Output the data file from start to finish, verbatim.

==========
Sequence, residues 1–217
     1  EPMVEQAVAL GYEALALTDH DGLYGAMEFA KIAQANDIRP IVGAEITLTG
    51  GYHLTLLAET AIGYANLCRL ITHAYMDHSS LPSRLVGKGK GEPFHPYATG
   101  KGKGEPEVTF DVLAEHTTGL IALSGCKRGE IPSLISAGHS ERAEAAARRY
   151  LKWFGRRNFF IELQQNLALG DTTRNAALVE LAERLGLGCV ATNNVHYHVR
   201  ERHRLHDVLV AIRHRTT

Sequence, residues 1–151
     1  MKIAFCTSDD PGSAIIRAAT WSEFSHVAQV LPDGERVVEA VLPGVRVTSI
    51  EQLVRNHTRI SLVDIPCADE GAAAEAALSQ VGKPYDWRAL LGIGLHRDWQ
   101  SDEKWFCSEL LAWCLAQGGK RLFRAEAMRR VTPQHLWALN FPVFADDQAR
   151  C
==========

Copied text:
Sequence, residues 1–217
     1  EPMVEQAVAL GYEALALTDH DGLYGAMEFA KIAQANDIRP IVGAEITLTG
    51  GYHLTLLAET AIGYANLCRL ITHAYMDHSS LPSRLVGKGK GEPFHPYATG
   101  KGKGEPEVTF DVLAEHTTGL IALSGCKRGE IPSLISAGHS ERAEAAARRY
   151  LKWFGRRNFF IELQQNLALG DTTRNAALVE LAERLGLGCV ATNNVHYHVR
   201  ERHRLHDVLV AIRHRTT

Sequence, residues 1–151
     1  MKIAFCTSDD PGSAIIRAAT WSEFSHVAQV LPDGERVVEA VLPGVRVTSI
    51  EQLVRNHTRI SLVDIPCADE GAAAEAALSQ VGKPYDWRAL LGIGLHRDWQ
   101  SDEKWFCSEL LAWCLAQGGK RLFRAEAMRR VTPQHLWALN FPVFADDQAR
   151  C